In many ways, the voluntarily unvaccinated Covid patient made their treatment priorities known. They voluntarily assumed the risk and refused to mitigate any possible future damages, to themselves, their families and society. Why not respect that autonomous decision when having to allocate scarce resources, which at the same time serves the goals of equity and fairness required by justice?

Accordingly, I suggest that hospitals (not individual doctors or nurses) could make an ethically defensible policy to put sick Covid patients in the queue and not automatically give them priority. I believe this could be done by fully respecting the voluntarily unvaccinated Covid patient’s prior decision to refuse medically appropriate and possibly life-saving treatment. 

I believe the equities could be balanced by hospitals developing a policy that is planned, principled and justified by an appeal to ethical standards. It would be well reasoned with input from ethicists, legal advisors, risk managers, hospital administrators and staff, and other stakeholders. The policy would be announced and widely disseminated so all people know and understand it is not reactive to any specific individual or group of individuals, but transparent and objective and consistent with the hospital’s mission and responsibility to the entire community.

Government has failed to lead on this issue. It has a vital and legitimate role in alleviating the horrendous conditions under which hospitals are laboring. It has left hospitals and communities with the heavy burden of the moral distress being caused by hospitals’ forced allocation of resources. Government should marshal its resources to set up Covid-specific treatment centers, thus creating space in hospitals for the care of other sick patients.  If hospitals, on their own, are setting up temporary treatment areas in staff rooms, hallways and parking garages (!!), surely appropriate temporary treatment areas should be set up for Covid patients with top priority government action.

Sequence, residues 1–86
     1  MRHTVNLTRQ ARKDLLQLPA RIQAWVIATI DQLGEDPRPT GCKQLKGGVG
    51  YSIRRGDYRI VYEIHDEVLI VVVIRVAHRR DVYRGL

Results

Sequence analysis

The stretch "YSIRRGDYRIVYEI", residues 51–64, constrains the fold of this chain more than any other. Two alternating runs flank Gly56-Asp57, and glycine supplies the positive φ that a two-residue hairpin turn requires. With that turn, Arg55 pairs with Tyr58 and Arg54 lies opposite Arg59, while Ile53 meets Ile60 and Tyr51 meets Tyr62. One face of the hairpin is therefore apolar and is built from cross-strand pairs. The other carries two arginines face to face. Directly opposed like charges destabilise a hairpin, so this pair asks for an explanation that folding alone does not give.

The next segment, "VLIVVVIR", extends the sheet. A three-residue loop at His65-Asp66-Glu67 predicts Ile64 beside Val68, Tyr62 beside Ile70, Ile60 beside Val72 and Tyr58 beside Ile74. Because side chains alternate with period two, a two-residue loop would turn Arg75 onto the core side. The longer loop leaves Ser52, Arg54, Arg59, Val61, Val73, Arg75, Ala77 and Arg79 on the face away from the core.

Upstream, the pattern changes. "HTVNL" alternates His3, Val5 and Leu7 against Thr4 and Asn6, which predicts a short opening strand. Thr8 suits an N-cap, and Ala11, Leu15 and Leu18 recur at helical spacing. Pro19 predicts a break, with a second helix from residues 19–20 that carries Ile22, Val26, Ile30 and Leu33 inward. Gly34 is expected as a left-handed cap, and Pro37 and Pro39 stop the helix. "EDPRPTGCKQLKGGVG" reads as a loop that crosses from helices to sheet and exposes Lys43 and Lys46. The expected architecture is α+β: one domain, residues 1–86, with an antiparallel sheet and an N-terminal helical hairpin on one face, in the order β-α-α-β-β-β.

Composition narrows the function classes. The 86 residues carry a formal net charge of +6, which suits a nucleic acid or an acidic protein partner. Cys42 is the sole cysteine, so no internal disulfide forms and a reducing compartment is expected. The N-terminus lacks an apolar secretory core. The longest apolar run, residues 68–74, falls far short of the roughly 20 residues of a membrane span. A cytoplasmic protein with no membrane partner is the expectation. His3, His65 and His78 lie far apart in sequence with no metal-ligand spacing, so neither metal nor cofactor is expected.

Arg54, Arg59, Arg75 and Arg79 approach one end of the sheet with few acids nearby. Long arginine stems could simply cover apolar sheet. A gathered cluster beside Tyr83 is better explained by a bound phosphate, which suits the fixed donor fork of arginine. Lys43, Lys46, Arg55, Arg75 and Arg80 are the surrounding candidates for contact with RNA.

Autonomy is crucial. Ever increasing levels of self-determination and development of individual potential is one of the hallmarks of human progress. None of us can live happily or productively without it. But it’s nothing without justice, which is often elusive. This could move the arc of justice a little closer to within society’s reach.

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Jody Cramsie
Jody Cramsie
Jody Cramsie has a background in history, theology, ethics and law. In her free time she enjoys music, reading and hosting dinner parties for family and friends. She lives in Spokane but prefers to be on the Olympic Peninsula or in the south of France. She currently serves on the FāVS News Board of Trustees.

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[…] few weeks ago I wrote about my anger at the rationing of healthcare in our local hospitals as a result of the voluntarily unvaccinated Covid patients needing treatment. […]